6. It is so nice to think of books going on adventures of their own as well as taking their readers on adventures. Although I am a convert to eBooks I have to say I do love the physicality of being able to share physical books and am not that fussed that most of the Aussie books I read are not available in eBook format as I like sending them all off into the world.

    I have been delving into the dark side of social media for my work over the past couple of weeks (looking at online bullying and what can be done to lessen it or at least the impact on its victims) and it would have been easy to come away from that rather depressed about the state of humanity as it interacts with itself online but for the fact I kept thinking how many helpful and delightful people I have ‘met’ through book blogging and associated online activities like the Friend Feed room. Of course it just confirms what we all know, far from being a worry because they read about death and killing all the time crime fiction readers are the nicest people to be around because all their evil thoughts are dealt with in their reading🙂

  7. Agreed Bernadette: some parts of the social internet are horrific or just plain nasty – when I first started reading blogs I read lots, but found that there are lots of random rantings about politics at the level of “I hate [insert name of current PM]” etc. Eventually I filtered down to book bloggers and a few journalism blogs (ie written by journalists who have a bit of training in objective, considered comment rather than being squalling brats). Even the science “blogosphere” is full of ill-considered rants, I was surprised at first as I had assumed scientific training encourages objectivity but I think the objective scientists are doing science and not blogging! (Again, the best science blogs are written by science journalists or those who have become journalists/editors via their blogging).

    It is very easy to filter out the internet, eg on Twitter if one does not want to see any of the elements of mass hysteria and naive “politics” that sweep over it (only to be forgotten until the next self-justifying set of rants), one can easily not see it.

    Kathy – I do despair about the geographical rights because publishers and agents see it as a way to keep financially viable in the e-world. (Actually, one could argue as Bernadette has done that it only encourages piracy). The recent interview with Andrew Wylie in the NYmagazine illustrates this well – his business model is selling rights for his backlist authors. So, when you consider buying a kindle or other e-reader, check out availability first, as you will probably find that an unavailable print title is also unavailable (legally) in e-format, if “geo restrictions” are in force.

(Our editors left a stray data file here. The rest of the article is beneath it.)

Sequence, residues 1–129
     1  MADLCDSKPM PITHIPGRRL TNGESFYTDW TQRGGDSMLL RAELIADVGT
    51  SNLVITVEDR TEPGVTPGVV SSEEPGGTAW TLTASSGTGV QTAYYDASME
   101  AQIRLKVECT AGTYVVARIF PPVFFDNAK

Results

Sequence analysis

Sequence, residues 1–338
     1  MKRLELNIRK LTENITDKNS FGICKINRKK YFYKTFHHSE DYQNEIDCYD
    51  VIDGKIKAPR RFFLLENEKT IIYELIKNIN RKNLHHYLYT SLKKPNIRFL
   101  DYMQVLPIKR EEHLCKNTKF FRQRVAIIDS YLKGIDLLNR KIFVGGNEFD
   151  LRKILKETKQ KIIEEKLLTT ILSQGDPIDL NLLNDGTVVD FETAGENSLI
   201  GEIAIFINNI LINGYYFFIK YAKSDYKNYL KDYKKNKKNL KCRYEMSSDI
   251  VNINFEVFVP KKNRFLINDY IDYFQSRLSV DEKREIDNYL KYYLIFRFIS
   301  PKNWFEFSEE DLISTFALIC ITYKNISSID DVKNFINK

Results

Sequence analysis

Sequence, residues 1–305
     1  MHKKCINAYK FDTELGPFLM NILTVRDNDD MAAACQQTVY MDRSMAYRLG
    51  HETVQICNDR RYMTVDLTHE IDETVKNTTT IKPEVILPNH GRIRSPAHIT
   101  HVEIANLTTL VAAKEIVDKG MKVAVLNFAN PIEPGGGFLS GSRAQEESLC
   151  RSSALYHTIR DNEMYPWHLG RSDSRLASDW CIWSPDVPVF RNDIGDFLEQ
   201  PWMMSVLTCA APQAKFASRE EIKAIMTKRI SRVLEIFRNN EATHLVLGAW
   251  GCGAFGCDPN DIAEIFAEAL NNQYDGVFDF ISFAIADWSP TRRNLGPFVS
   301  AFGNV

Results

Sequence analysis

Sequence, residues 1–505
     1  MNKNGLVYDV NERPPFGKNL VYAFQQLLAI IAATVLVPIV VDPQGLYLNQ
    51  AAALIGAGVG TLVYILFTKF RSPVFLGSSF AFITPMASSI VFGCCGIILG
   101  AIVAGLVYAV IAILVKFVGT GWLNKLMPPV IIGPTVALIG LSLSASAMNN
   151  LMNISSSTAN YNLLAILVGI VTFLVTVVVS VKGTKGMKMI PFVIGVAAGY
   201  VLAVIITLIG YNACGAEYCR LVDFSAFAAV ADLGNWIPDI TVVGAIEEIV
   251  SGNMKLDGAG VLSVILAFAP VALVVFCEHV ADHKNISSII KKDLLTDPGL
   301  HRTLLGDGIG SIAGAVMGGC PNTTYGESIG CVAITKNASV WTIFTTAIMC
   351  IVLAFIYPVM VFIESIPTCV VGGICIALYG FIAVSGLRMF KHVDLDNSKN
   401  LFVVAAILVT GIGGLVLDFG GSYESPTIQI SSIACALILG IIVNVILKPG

8. Yes, I have been well-versed on the problems with geographical/territorial rights at excellent bookbloggers’ websites, and I’ve read of the problems and frustrations. I was ready to cave in to this phenomenon or gadget as I’d see it, the Luddite that I can be, when pulling my hair out that my library barely has any of the fiction I want to hear now, not only from Australia and New Zealand, but even Scandinavia (no Frozen Moment or Mercy), even France (no recent Vargas). Except for 3 titles, it doesn’t have all of the Dagger shortlist. Book Depository says now the books (Daggers or books from Oz) aren’t available, so I write in “Notify me.” Etc., etc.
    So desperation sets in and no books are available, even when my frugal self is willing to part with money for Book Depository. The books aren’t there either.
    So we have to push harder for more global books to be shipped globally, an original idea, I must say (sarcasm).
    I guess I’ll be reading Camilleri, Leon, Rex Stout (not even all of those are at the library) and Michael Connelly ad infinitum, and banging on the doors of other stores and websites to buy more variety.